Review Summary: Clutch's shaky start is still a great one.
Though they are now better known for sophomore albums such as Robot Hive/Exodus
and the recently released excellent Earth Rocker
, Clutch sounded like a very different band to begin with. The band's debut album, Transnational Speedway League: Anthems, Anecdotes and unbelievable Truths
, was released three years after their formation, and although some may be put off by the gritty, cutting edge rawness of the instrumentation and particularly frontman Neil Fallon's gruff vocals, it still showed Clutch as a band with a very promising future.
Clutch's first album is simply a collection of some of the most aggressive, straight edge songs that the band have ever written. You don't have to listen closely to realize this. Opener “A shogun named Marcus” is a short but rough number, “Binge and Purge” is so hateful that you just can't get Fallon's voice out of your head after screaming “Mother***er” over and over again, and the obvious hardcore influence in “12 ounce epilogue” is so bass-heavy that stereo speakers may be no more after the song is played. Slower songs such as the confusingly titled “Walking in the great shining path of monster trucks” and album highlight “Heirloom 13” make great use of the band's sludgy instrumental performance, and naturally Fallon's rough voice seems a perfect fit. There isn't really anything particularly remarkable about any of the instruments here, save the excellent guitar leads courtesy of Tim Sult, who makes songs such as “Milk of human kindness” and “Rats” all the more worthwhile to listen to. The drums are perhaps the least notable of all instruments used on Transnational...
, but still manage to keep the rhythm section from stagnating.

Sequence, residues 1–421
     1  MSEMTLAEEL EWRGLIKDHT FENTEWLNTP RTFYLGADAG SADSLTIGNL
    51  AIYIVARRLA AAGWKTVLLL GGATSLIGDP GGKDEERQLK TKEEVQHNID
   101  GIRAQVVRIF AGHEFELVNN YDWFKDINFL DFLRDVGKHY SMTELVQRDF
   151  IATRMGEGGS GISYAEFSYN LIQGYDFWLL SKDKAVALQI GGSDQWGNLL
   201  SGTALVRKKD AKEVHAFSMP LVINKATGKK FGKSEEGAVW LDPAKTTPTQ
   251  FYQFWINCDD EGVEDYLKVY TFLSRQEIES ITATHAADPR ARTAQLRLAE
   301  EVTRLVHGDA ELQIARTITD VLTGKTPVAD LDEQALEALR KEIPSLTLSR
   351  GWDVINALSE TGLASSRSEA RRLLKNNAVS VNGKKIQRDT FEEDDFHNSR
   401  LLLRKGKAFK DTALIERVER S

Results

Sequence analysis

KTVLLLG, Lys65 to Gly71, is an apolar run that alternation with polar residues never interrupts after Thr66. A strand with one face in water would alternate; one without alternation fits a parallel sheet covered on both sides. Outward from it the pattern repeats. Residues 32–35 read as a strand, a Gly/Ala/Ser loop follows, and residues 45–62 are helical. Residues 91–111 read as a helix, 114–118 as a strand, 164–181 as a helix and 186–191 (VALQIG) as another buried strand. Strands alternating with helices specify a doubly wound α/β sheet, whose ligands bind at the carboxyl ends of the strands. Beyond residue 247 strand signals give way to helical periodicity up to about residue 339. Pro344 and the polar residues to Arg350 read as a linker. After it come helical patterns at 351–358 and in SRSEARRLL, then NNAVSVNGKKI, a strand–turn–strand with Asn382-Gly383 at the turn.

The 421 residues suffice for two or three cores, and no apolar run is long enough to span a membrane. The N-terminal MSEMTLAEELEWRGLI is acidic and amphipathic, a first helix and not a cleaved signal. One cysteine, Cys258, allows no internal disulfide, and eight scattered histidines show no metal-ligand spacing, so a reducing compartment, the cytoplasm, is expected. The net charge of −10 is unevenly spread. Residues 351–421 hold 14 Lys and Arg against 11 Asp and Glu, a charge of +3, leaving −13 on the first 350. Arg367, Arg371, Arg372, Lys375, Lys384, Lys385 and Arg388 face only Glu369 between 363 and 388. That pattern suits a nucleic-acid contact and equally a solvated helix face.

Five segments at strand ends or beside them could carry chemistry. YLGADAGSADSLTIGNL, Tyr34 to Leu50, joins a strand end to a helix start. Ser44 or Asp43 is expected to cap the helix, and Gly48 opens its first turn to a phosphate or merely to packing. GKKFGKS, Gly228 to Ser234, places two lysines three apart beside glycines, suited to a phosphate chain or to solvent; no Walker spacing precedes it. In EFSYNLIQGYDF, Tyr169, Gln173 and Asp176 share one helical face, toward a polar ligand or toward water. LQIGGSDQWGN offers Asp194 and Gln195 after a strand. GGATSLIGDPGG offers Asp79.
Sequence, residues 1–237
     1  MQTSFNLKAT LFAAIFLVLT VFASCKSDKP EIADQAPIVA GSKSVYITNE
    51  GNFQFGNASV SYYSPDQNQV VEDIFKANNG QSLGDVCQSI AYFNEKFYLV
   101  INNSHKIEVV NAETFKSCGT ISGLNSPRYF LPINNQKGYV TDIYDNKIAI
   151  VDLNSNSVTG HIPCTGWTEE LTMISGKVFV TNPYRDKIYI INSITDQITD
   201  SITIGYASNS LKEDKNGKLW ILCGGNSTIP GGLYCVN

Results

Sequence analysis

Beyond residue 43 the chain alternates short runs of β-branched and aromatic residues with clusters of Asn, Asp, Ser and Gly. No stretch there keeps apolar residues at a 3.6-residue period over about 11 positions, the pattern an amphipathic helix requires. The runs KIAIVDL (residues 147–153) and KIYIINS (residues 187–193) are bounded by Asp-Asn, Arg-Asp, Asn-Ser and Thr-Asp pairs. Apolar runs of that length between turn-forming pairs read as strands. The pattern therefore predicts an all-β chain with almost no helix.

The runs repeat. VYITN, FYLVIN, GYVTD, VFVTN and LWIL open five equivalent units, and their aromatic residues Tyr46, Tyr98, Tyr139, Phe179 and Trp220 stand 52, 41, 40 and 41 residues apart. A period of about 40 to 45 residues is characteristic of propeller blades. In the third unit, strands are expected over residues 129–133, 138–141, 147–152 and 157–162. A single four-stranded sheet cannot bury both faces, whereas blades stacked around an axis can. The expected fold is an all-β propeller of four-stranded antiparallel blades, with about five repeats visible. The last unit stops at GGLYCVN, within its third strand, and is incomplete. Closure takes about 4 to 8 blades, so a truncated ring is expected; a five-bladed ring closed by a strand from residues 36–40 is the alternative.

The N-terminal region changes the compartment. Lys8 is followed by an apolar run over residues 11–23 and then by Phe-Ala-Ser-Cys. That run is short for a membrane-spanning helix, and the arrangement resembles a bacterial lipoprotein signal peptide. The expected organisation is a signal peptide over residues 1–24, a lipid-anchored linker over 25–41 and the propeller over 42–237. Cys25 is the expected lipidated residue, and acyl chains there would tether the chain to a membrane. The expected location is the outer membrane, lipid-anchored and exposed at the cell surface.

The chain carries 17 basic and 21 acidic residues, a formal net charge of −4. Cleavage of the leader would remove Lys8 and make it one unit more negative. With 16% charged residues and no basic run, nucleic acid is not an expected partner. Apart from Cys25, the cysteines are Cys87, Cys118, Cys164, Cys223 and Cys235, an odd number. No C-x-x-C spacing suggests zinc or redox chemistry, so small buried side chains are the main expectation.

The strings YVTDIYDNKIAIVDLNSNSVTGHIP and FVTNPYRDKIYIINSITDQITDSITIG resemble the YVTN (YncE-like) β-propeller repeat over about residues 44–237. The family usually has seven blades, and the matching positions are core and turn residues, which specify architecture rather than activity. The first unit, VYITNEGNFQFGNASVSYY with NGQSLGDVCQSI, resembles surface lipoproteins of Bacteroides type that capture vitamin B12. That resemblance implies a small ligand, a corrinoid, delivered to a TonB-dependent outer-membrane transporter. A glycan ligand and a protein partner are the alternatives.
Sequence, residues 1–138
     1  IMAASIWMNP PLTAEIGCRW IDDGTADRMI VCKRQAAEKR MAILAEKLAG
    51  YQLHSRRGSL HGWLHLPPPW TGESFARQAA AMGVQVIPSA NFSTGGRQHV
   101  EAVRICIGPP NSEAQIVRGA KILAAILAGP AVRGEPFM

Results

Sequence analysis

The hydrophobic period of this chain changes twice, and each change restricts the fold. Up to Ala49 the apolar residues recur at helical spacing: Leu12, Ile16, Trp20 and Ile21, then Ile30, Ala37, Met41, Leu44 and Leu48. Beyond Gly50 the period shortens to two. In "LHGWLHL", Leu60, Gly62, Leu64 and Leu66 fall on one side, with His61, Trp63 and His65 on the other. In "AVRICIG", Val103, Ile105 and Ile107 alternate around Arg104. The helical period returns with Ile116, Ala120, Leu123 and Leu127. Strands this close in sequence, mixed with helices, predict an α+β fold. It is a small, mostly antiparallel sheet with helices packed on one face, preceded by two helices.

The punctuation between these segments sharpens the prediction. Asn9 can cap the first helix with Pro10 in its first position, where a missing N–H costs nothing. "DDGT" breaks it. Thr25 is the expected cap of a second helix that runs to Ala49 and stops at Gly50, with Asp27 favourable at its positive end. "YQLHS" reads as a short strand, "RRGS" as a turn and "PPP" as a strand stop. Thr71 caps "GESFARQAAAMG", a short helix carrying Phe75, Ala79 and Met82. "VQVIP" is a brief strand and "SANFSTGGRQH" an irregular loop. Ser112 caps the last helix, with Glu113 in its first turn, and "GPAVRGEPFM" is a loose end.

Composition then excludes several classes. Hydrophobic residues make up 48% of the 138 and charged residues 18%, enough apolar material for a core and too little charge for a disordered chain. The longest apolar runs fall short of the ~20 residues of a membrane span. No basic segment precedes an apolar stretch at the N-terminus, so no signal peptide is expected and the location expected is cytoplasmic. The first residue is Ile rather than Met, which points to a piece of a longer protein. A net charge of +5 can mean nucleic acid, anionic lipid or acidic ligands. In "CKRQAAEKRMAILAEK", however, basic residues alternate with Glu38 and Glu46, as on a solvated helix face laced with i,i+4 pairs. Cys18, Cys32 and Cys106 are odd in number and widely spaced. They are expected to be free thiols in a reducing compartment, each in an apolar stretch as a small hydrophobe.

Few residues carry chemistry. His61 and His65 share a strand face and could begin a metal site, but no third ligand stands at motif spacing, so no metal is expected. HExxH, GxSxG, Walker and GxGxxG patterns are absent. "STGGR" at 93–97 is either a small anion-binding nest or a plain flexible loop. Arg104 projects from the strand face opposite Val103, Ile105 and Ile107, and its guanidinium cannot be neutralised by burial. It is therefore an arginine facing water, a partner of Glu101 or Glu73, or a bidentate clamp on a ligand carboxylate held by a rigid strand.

All this said, Clutch's debut album isn't really ideal for those who prefer the more upbeat likes of the band's more recent material. Despite the shorter, faster songs which barely reach three minutes, the whole of Transnational...
seems to rely too much sometimes on sludgy, raw instrumentation and on songs such as “12 ounce epilogue” and the equally as filler-based “Bacchanal” monotony certainly creeps in. It's not a terrible thing really, because as we all know, Clutch has been known to pull this sort of style off time and again, but it doesn't really improve the consistency of the album either. Another problem that some may find too obvious is Fallon's cleaner vocals in “Milk of human kindness” and the first half of “Binge and purge”, which are unsuitable for the musical style being performed at the same time. As a result the vocals unfortunately sound out of place.
Clutch's first album still deserves to be given a listen or two, if only because you'll be curious of what the band sounded like in their earliest years. Transnational Speedway League...
is definitely a good start to a exemplary musical career, but just don't go into this album expecting anything on par with albums such as Robot Hive/Exodus
or Earth Rocker